With the consumer backlash against these issues in the 1990’s, 81 national governments got together to form the Kimberly Process Certification (in 2003) to prevent conflict diamonds from entering the global supply. Its goal was to evaluate conditions in diamond producing countries and certify that their exports were clean. The Kimberly Process, in the end, was a savvy marketing strategy on behalf of diamond-producing countries to quiet the consumer outrage, but has completely failed at ensuring diamonds aren’t wrought with injustice.

The Kimberly Process has been ineffective – at best – due to smuggling and corruption, and a certification process that has never required diamonds to be traced back to their mine of origin. Over $2 Billion in diamonds have been reported stolen by political allies of corrupt governments just since 2008. Further, the evaluation criteria put in place by the Kimberly Process currently allows diamonds to be sold with conflict free status from every country except one: the Central African Republic. The Kimberly Process has been so ineffective at monitoring and solving these human rights issues, that many countries that helped form it have exited and distanced themselves from being associated with it.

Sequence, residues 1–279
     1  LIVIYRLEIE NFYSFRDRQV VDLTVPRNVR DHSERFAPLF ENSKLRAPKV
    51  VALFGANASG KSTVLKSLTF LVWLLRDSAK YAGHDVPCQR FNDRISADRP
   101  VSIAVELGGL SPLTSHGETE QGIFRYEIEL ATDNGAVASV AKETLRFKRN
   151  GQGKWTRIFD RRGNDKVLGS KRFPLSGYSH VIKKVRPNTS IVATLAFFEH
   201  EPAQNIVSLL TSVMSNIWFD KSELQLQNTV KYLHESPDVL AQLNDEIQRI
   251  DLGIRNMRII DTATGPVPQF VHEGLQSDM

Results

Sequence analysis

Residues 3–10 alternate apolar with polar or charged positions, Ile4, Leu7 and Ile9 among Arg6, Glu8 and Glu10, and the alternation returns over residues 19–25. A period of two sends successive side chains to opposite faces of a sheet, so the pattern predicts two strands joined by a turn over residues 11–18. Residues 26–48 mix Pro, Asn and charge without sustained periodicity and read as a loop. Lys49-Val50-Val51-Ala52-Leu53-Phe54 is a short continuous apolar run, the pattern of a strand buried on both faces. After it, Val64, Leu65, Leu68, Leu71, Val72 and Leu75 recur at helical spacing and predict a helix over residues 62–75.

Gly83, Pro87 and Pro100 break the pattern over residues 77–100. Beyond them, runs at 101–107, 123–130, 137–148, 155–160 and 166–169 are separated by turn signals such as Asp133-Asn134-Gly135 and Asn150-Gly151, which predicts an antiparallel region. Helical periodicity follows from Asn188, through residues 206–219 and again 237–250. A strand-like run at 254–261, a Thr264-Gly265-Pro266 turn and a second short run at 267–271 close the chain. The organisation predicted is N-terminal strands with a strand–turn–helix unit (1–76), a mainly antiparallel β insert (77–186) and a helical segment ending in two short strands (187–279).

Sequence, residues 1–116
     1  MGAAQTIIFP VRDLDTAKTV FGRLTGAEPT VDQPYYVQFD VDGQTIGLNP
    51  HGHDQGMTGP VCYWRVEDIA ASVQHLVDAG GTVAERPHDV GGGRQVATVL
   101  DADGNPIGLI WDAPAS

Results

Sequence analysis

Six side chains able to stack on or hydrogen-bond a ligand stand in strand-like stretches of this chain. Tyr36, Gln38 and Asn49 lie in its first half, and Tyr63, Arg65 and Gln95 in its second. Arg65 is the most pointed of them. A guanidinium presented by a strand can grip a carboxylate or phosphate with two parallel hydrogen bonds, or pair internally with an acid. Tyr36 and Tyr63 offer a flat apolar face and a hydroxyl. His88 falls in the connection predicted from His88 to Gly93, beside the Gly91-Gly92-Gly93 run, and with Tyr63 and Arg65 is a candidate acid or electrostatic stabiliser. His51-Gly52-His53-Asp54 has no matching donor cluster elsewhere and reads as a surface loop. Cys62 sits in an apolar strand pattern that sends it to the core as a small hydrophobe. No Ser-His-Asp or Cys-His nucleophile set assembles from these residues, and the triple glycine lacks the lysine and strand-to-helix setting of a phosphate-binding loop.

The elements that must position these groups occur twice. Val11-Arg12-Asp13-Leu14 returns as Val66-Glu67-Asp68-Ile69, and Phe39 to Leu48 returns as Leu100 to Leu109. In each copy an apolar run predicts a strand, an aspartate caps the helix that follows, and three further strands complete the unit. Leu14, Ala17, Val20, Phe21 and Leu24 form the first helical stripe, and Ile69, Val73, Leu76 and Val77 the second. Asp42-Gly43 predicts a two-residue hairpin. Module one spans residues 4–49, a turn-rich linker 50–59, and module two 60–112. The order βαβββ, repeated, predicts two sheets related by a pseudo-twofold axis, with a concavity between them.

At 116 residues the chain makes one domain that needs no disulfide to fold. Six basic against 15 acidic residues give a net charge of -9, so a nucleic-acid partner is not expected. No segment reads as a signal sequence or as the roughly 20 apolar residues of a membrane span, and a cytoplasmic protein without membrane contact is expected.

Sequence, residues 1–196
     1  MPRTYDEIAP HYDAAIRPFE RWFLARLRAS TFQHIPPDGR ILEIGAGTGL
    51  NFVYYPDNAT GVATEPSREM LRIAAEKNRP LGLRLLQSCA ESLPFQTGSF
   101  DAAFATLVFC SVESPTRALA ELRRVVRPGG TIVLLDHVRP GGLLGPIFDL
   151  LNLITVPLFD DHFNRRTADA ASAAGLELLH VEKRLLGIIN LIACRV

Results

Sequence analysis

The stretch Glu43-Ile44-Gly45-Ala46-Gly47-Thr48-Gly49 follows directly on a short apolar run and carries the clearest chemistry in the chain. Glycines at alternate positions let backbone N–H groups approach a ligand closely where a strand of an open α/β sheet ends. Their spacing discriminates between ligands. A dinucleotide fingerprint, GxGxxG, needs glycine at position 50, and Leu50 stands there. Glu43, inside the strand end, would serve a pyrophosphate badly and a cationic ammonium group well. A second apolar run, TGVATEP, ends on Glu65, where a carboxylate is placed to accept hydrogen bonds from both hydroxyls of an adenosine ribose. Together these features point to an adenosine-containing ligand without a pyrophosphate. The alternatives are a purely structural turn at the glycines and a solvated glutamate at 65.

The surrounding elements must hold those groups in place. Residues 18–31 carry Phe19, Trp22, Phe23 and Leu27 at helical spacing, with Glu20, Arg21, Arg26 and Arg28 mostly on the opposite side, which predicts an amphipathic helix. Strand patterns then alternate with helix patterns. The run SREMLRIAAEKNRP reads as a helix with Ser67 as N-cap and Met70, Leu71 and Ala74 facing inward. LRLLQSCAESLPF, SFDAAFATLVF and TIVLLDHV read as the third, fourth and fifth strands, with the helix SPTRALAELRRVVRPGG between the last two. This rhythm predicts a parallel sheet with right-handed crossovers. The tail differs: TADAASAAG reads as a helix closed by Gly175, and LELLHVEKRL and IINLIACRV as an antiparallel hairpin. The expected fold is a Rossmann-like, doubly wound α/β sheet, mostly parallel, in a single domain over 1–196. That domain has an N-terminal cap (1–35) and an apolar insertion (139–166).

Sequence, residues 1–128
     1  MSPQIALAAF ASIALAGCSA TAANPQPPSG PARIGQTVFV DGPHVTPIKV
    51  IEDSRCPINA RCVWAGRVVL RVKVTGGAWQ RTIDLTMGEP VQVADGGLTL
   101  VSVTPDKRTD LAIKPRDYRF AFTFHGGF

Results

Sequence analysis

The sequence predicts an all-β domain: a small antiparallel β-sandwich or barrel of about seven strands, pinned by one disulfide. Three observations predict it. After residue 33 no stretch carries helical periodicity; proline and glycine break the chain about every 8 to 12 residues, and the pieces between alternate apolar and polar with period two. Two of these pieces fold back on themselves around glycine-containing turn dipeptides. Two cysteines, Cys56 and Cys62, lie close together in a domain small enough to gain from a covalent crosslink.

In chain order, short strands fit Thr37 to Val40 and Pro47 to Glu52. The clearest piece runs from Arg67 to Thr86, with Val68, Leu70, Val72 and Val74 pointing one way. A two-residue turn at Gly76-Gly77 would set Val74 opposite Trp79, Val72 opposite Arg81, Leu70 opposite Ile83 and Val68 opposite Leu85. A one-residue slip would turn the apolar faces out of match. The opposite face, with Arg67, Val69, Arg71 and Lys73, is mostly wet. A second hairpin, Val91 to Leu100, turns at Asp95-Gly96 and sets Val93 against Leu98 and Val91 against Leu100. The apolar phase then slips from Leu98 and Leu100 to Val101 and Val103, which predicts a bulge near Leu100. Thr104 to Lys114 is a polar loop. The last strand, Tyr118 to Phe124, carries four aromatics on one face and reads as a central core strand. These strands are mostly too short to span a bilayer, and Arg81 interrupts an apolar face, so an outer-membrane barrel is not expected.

So what do we do?

Let’s refuse to fund civil wars and human rights atrocities by being conscious about the jewelry we buy and gift to our loved ones.

Here at Socially Conscious Brands, we have two suppliers we can stand behind.

Follow Your Love

Murad and Natalia Osmann – the Instagram phenomenon who created the Follow Me To series, had a fairytale love story and wedding in 2015. Their search for a conflict free diamond led to the creation of their jewelry business – Follow Your Love. Osmann has created a lab grown diamond that is 100% real and identical chemically, physically, optically, and structurally.

Brilliant Earth

Co-founded by Beth Gerstein and Eric Grossberg, both from Stanford, Brilliant Earth has been a leader in educating consumers about the footprint of diamonds. Brilliant Earth guarantees their diamonds are ethically-sourced – even beyond the Kimberly Process and beyond conflict free. They guarantee their diamonds do not finance civil wars, that they’re free of human rights abuses, use fair labor practices, and are mined in an environmentally responsible way. Brilliant Earth also offers lab created diamonds and recycled diamonds as eco-friendly alternatives.

When it comes to a girl’s best friend … there’s something inside me that says … I don’t want that blood on my hands!

About the author

Rachel Cogar Yeakley

Rachel Cogar Yeakley is a socially conscious consumer, researcher, and writer. She writes about companies that are good to our planet, good to their people, and support local and global causes. Rachel believes in being a global citizen and a steward of our earth ... and helping our brothers and sisters in our own communities and around the globe. She has an extensive background in marketing and business consulting, and has dedicated her energy to making a difference in our world through education about social consciousness.